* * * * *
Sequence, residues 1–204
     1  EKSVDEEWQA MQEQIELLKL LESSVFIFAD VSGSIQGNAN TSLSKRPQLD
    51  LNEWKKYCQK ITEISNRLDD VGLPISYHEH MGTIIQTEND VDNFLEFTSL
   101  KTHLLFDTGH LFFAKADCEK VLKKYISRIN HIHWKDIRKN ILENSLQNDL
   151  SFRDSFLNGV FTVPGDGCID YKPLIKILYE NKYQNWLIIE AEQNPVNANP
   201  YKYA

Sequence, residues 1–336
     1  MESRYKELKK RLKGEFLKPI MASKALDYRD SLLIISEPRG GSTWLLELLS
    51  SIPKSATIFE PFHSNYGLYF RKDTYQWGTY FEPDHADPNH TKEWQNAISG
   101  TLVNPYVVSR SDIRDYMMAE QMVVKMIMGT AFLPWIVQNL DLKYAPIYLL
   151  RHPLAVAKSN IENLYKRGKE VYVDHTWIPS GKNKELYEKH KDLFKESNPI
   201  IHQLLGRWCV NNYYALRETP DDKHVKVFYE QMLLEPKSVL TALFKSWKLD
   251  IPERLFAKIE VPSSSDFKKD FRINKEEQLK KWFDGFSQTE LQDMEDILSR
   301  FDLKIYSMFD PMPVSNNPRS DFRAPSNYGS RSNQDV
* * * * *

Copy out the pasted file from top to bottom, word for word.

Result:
Sequence, residues 1–204
     1  EKSVDEEWQA MQEQIELLKL LESSVFIFAD VSGSIQGNAN TSLSKRPQLD
    51  LNEWKKYCQK ITEISNRLDD VGLPISYHEH MGTIIQTEND VDNFLEFTSL
   101  KTHLLFDTGH LFFAKADCEK VLKKYISRIN HIHWKDIRKN ILENSLQNDL
   151  SFRDSFLNGV FTVPGDGCID YKPLIKILYE NKYQNWLIIE AEQNPVNANP
   201  YKYA

Sequence, residues 1–336
     1  MESRYKELKK RLKGEFLKPI MASKALDYRD SLLIISEPRG GSTWLLELLS
    51  SIPKSATIFE PFHSNYGLYF RKDTYQWGTY FEPDHADPNH TKEWQNAISG
   101  TLVNPYVVSR SDIRDYMMAE QMVVKMIMGT AFLPWIVQNL DLKYAPIYLL
   151  RHPLAVAKSN IENLYKRGKE VYVDHTWIPS GKNKELYEKH KDLFKESNPI
   201  IHQLLGRWCV NNYYALRETP DDKHVKVFYE QMLLEPKSVL TALFKSWKLD
   251  IPERLFAKIE VPSSSDFKKD FRINKEEQLK KWFDGFSQTE LQDMEDILSR
   301  FDLKIYSMFD PMPVSNNPRS DFRAPSNYGS RSNQDV